The die had been cast, however, and soon I felt like a low-ranking member of a missionary family dispatched to the deepest wilds of a foreign land to learn the strange customs of the natives and maybe help a business sample of them learn of our ways.  In fairness, I should add that not only was I wrong in my misbegotten assumptions about these good people, but that I made many lifelong friends along the way.  Granted, they may not cheer for the Tigers, but one can only do so much. 

Facts Over Slogans, Solutions Over Anarchy


If we do not truthfully diagnose the problem in America, systemic and otherwise, we will never make things right. Unfortunately for everyone, if we continue to ignore the body count that rises daily in the African-American community, and continue to focus on the exception to the exclusion of the rule, we’re toast.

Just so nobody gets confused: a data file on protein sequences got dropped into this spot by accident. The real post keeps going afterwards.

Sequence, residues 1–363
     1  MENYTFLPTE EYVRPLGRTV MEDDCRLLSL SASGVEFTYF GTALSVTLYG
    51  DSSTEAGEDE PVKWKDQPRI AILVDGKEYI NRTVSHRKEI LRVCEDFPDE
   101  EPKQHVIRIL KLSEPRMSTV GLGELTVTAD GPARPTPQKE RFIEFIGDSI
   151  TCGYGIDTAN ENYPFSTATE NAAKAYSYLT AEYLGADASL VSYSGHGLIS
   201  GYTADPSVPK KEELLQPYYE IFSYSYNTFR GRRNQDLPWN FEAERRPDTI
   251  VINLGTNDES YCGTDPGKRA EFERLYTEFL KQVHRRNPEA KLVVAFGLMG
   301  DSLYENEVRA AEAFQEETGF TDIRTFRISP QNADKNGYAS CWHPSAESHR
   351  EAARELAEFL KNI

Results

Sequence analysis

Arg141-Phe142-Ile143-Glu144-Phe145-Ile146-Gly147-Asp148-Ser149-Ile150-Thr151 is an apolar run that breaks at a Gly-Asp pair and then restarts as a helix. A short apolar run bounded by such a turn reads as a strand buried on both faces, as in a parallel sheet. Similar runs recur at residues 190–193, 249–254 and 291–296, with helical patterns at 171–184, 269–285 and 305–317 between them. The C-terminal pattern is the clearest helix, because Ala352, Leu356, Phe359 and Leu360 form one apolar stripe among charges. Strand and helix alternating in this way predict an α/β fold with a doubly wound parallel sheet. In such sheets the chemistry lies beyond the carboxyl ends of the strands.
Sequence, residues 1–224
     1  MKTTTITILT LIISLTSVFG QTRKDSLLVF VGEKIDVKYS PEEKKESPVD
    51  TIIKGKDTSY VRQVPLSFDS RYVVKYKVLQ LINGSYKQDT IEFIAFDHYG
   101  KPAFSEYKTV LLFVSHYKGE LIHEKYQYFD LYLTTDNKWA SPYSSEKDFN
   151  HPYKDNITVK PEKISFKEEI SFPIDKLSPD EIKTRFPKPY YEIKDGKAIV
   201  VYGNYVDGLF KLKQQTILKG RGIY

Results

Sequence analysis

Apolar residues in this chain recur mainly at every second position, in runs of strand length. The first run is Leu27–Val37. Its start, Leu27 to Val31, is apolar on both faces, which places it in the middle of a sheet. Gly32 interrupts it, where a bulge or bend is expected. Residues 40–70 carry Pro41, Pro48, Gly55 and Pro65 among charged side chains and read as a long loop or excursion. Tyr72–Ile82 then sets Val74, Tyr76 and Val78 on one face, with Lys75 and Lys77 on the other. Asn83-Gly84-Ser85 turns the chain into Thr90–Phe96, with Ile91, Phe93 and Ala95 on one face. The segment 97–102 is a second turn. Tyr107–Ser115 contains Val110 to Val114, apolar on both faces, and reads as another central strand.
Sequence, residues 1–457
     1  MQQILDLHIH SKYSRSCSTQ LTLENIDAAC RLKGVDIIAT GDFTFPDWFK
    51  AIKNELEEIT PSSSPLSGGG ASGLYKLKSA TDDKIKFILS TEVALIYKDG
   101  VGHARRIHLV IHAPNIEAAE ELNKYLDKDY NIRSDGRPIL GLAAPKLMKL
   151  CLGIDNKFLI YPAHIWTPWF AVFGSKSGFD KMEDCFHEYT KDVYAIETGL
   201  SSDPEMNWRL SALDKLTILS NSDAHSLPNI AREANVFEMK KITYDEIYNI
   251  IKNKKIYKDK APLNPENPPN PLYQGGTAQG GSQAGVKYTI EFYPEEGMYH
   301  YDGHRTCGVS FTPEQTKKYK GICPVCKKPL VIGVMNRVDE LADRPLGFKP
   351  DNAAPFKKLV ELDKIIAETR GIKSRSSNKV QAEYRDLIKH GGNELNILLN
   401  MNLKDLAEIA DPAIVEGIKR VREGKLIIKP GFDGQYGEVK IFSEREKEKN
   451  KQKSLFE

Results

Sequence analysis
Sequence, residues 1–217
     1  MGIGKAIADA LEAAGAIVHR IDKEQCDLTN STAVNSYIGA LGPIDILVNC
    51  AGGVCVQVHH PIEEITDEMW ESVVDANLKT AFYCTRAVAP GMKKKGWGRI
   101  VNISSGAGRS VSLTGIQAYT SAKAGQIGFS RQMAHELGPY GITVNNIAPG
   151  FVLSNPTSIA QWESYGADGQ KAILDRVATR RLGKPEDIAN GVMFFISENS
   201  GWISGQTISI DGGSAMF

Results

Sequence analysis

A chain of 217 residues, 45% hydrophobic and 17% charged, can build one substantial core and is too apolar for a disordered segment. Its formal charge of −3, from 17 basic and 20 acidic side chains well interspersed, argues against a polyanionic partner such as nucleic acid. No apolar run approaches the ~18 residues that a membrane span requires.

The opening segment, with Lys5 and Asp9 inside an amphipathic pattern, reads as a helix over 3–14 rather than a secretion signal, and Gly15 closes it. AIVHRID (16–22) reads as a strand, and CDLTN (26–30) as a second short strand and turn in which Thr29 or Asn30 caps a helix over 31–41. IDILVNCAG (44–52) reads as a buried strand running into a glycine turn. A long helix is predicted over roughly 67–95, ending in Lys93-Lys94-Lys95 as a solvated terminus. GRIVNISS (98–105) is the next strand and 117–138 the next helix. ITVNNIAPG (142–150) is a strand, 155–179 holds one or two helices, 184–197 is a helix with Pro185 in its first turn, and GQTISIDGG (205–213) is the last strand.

What follows is not necessarily pleasant to read, and if I were in the NFL, academia, or a major media outlet, I suppose the wrath of God-knows-who would descend on me. But you know what? I didn’t spend 20 years on active duty and do three tours of duty in the Mideast and a year in Korea so that others can dictate my thoughts and words, and negate the rights I fought to preserve.

Let me start by placing a few facts on the table because ignoring them only makes the situation worse.

Confronting Uncomfortable Realities